Lawyers Examine Latest California Corporate Board Diversity Mandates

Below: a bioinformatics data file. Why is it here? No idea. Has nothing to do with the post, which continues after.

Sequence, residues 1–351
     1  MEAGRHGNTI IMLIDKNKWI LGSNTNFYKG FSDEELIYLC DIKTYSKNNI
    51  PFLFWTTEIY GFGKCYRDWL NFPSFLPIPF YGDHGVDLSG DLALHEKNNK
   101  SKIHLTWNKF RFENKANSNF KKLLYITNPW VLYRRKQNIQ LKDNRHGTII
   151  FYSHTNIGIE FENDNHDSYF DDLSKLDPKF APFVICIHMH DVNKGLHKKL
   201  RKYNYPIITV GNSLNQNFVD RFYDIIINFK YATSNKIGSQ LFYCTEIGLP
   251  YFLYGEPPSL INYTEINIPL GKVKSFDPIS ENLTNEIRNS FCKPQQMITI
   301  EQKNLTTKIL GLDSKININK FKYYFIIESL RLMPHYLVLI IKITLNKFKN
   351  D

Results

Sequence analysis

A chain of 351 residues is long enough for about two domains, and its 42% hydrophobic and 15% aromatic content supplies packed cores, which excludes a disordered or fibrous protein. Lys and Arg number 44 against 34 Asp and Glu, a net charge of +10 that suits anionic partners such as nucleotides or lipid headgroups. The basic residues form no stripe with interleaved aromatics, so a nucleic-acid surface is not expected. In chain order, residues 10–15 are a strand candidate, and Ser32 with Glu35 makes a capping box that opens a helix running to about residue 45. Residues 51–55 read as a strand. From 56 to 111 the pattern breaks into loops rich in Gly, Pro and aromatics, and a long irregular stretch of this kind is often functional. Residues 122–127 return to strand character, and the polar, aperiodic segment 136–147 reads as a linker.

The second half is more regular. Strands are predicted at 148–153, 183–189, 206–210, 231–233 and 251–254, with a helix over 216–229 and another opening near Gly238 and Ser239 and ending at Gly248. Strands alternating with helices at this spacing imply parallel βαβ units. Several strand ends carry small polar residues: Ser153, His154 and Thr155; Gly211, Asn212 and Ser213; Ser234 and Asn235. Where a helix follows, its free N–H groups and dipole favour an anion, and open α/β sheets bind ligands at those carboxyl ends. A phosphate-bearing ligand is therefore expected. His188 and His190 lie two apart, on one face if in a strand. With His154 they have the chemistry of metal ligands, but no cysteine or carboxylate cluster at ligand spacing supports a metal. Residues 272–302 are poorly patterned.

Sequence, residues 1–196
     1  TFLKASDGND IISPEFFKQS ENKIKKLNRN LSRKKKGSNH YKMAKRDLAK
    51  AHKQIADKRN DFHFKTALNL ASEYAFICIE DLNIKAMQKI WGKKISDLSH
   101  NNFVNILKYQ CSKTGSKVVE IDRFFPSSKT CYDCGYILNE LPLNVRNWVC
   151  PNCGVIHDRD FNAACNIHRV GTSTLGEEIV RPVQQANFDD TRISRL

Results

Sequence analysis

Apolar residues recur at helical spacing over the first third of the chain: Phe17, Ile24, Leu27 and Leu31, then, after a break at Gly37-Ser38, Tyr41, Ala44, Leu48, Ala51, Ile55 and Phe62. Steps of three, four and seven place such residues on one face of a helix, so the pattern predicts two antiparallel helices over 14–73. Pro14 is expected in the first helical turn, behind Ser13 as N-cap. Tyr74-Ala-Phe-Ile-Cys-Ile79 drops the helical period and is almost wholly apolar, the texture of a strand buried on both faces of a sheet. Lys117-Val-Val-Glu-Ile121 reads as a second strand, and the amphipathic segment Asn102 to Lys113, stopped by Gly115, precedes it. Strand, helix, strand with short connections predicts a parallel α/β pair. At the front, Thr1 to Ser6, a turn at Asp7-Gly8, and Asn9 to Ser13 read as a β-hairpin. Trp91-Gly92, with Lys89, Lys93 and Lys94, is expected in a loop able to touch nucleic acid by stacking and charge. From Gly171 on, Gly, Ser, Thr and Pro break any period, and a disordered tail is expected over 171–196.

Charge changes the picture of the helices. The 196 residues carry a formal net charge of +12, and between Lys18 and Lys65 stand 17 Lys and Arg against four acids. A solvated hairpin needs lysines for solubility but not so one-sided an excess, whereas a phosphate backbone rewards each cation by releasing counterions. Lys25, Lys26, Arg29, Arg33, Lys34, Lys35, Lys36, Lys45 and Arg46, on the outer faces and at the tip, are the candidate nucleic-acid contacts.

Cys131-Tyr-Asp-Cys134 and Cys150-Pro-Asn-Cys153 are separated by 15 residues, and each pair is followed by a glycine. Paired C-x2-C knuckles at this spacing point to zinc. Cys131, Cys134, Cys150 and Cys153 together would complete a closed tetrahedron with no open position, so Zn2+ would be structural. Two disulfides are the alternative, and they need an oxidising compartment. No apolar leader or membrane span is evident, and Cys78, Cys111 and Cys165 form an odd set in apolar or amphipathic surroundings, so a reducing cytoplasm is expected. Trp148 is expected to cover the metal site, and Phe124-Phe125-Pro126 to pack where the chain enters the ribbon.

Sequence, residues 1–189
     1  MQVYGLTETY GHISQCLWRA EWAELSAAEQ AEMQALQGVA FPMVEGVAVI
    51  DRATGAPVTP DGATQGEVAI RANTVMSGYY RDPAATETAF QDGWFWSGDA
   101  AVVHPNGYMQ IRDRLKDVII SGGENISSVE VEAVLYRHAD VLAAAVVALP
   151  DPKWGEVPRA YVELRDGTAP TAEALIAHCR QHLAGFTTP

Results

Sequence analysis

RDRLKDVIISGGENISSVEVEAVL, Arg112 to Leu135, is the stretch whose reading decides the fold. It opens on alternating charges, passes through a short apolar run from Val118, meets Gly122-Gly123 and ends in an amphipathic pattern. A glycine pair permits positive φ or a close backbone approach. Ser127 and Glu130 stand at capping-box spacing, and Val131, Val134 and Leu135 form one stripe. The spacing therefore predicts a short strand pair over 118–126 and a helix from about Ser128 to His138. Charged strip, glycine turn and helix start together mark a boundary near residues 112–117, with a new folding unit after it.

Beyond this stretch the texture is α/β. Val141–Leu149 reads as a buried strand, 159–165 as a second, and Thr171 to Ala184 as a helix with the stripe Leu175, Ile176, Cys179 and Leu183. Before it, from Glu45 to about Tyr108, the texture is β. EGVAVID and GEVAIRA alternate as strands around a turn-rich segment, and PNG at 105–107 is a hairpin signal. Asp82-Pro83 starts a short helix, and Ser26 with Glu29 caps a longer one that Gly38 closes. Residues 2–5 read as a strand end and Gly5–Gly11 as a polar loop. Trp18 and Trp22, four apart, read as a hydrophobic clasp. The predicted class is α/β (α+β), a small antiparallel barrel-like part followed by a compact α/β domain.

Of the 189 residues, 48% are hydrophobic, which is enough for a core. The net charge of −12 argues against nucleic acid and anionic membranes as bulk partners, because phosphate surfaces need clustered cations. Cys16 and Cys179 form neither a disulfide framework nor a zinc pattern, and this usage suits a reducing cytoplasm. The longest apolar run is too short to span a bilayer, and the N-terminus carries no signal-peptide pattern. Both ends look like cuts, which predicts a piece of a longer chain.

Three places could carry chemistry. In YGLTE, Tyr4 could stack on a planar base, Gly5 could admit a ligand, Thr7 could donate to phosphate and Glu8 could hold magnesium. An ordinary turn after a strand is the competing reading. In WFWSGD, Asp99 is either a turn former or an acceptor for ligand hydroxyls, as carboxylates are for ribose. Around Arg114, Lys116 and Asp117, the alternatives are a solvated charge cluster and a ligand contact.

Lawyers from Fenwick West describe California’s latest initiative for increased diversity on public company boards in a comprehensive memorandum. Governor Gavin Newsom on September 30, 2020 signed into law a bill that requires publicly held companies headquartered in the state to include board members from underrepresented communities. In 2018 California mandated that  corporations headquartered in the state have at least one woman on their boards of directors by the end of 2019 (SB 826), with further future increases required depending on board size. According to the lawyers, a corporation would be deemed to be headquartered in California based on whether its principal executive offices, according to the corporation’s annual report on Form 10-K, are located in California. Companies that fail to comply with the new law could face fines in the six figures, in addition to ramifications to their brand and reputation. The new law specifically requires that by the end of 2021 California-headquartered public companies have at least one director on their boards who is from an underrepresented community, defined as “an individual who self‑identifies as Black, African American, Hispanic, Latino, Asian, Pacific Islander, Native American, Native Hawaiian, or Alaska Native, or who self‑identifies as gay, lesbian, bisexual, or transgender.” In addition, the law mandates that the number of directors from underrepresented communities be increased by the end of calendar year 2022, depending on the size of board. The Fenwick lawyers write that as with the gender diversity mandate, “the new law contains some open questions and ambiguities that may affect implementation.” For instance, the law may be challenged with arguments under the Equal Protection Clause- and Civil Rights Act as well as other legal doctrines.